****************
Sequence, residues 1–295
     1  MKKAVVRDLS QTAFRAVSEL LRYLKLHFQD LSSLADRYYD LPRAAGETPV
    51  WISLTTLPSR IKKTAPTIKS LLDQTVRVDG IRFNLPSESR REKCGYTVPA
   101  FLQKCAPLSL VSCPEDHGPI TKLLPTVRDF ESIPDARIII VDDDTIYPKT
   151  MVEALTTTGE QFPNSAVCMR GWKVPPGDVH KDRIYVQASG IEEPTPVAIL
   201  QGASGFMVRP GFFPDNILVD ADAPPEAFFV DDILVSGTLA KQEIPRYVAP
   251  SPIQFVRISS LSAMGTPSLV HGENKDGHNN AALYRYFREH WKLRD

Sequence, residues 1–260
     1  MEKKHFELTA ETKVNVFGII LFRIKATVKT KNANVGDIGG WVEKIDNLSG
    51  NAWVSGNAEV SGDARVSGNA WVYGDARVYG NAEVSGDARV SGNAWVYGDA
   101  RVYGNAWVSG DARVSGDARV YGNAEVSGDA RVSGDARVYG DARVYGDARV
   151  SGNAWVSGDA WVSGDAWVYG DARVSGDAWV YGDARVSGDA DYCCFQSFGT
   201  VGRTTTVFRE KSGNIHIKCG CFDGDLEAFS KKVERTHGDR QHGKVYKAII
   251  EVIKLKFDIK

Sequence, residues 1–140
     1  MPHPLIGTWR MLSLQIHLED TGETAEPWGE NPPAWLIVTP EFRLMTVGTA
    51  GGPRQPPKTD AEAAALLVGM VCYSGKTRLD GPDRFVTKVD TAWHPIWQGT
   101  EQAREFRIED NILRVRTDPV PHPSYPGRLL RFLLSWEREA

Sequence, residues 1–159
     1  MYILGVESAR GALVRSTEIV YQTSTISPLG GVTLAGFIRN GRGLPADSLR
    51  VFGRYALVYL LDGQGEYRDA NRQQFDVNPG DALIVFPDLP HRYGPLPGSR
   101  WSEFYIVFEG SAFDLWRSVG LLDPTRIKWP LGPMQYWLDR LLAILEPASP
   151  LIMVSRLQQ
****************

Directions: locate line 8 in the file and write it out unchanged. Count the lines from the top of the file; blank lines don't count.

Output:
Sequence, residues 1–260